Fresh water should be offered as soon as they get home and should be made available at all times.
Cats will need to be kept indoors for at least one night. If they have been spayed or had any surgical procedures (other than castration) we recommend they are kept in until after they have had their 3-5-day post operation-check. The vet/nurse will advise you then on letting them out again.
Dogs will need to be allowed out on a lead for toileting purposes only on the day they come home. After this we recommend short lead exercise for 5-7 days, or until the post-operative check when the vet/nurse can advise you on an exercise regime.
If your dog has been spayed or had any major abdominal surgery they must be restricted to short lead exercise for 14 days, or until the vet/nurse advises otherwise.
Following the operation, your pet will need to rest, even if they seem quite awake and active. Please allow for somewhere warm and quiet where they can retreat to, with minimal disturbance and a cosy bed.
If you have been given some medication(s) for your pet, please read the instructions to make sure you understand how and when to give them. You will have been advised when to start them and how often they should be administered. Please DO NOT be tempted to increase the dose/frequency of the medication without consulting the vet first. If you think your pet seems to be in pain, please let us know as soon as possible and the vet may be able to prescribe him/her some additional pain relief.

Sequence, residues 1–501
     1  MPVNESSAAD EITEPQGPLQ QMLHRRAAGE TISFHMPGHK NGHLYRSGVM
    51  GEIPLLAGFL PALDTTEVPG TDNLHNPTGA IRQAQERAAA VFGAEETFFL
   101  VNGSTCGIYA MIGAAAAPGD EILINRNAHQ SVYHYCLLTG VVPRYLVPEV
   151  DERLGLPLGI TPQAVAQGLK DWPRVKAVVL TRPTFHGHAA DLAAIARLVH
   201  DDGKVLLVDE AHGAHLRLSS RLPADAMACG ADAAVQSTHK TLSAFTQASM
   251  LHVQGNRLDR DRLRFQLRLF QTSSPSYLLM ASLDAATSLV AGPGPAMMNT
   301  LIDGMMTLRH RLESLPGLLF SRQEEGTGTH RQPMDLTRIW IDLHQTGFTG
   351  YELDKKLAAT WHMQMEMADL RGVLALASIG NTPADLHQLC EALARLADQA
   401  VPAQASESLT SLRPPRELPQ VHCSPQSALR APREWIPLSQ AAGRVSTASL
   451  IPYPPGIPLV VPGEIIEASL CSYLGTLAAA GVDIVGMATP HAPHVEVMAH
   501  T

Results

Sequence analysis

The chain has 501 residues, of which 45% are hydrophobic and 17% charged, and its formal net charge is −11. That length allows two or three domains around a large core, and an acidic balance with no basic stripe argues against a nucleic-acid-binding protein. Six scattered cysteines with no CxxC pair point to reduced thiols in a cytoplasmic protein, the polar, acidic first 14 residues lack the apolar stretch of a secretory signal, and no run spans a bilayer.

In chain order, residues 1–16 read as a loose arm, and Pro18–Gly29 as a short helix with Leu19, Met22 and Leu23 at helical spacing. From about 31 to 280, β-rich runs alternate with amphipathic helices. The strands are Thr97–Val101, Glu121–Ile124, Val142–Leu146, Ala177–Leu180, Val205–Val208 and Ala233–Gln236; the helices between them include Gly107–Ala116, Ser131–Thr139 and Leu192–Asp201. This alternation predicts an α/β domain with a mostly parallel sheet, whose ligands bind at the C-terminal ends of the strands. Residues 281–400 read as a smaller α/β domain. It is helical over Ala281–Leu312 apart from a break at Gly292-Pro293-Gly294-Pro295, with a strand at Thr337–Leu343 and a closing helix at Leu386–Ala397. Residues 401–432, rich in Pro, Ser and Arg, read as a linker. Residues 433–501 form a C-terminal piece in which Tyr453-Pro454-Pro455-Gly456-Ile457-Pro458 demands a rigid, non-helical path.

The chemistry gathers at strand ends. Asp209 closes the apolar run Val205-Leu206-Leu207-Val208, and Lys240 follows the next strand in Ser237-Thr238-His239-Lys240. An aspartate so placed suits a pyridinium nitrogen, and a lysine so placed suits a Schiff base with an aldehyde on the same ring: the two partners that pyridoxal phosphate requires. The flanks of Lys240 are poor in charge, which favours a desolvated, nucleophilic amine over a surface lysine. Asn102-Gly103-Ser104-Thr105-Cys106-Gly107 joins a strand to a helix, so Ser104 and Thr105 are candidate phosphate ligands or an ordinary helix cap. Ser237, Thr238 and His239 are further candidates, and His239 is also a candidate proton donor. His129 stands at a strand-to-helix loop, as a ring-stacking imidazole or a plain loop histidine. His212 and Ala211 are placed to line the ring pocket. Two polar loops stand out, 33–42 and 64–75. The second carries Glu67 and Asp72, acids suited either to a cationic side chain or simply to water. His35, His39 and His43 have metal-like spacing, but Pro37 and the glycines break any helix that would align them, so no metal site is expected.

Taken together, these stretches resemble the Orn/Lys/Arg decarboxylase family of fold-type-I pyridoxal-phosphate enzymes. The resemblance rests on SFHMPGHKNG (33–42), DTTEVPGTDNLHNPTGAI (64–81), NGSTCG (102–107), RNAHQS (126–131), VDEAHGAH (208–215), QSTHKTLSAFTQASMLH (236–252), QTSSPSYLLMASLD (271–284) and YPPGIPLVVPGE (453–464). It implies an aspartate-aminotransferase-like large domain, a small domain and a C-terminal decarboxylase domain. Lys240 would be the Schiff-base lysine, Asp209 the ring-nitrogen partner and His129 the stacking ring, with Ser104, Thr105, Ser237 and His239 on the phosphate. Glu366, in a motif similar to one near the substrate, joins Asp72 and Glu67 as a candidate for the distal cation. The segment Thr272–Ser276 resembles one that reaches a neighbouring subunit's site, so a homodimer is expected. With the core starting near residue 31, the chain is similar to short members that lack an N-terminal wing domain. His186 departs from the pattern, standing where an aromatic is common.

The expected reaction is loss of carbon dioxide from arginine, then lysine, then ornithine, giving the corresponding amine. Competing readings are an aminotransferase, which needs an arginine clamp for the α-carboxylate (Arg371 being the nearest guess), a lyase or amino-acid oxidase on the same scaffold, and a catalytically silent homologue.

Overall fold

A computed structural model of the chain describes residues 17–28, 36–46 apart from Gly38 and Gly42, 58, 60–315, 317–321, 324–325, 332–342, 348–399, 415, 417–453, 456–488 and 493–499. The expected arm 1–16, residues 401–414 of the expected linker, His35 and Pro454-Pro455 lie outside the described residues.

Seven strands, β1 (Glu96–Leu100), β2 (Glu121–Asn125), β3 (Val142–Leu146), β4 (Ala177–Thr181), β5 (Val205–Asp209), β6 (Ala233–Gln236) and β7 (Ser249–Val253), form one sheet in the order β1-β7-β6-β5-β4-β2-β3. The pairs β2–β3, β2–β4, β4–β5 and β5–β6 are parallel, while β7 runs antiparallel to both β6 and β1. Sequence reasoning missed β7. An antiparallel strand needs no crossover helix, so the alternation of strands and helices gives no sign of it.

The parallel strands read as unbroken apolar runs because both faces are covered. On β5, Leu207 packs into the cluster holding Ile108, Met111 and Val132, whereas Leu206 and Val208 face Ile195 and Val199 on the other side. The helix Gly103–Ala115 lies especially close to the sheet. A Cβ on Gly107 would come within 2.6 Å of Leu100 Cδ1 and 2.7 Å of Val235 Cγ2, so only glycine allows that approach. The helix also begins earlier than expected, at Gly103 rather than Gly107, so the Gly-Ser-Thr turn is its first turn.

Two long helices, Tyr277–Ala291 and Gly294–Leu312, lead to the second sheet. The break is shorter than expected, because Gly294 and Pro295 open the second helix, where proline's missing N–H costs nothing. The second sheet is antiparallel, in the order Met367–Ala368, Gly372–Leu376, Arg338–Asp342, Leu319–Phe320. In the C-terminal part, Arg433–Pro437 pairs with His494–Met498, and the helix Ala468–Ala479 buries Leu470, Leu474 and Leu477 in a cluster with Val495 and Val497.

If your pet has been sent home with a Buster collar (also known as a lampshade), please keep it on him/her for as long as the vet/nurse has advised. It will have been issued to prevent your pet from being able to get at his/her wound. It may take them a short while to adjust to the collar, and you may need to elevate their food and water bowls so that they can reach them. If you remove the collar prior to when you were advised to, it may result in your pet being able to get to the wound, potentially damaging it, and risking introducing infection. All of this will delay the recovery time and extend the duration of having to wear the Buster collar.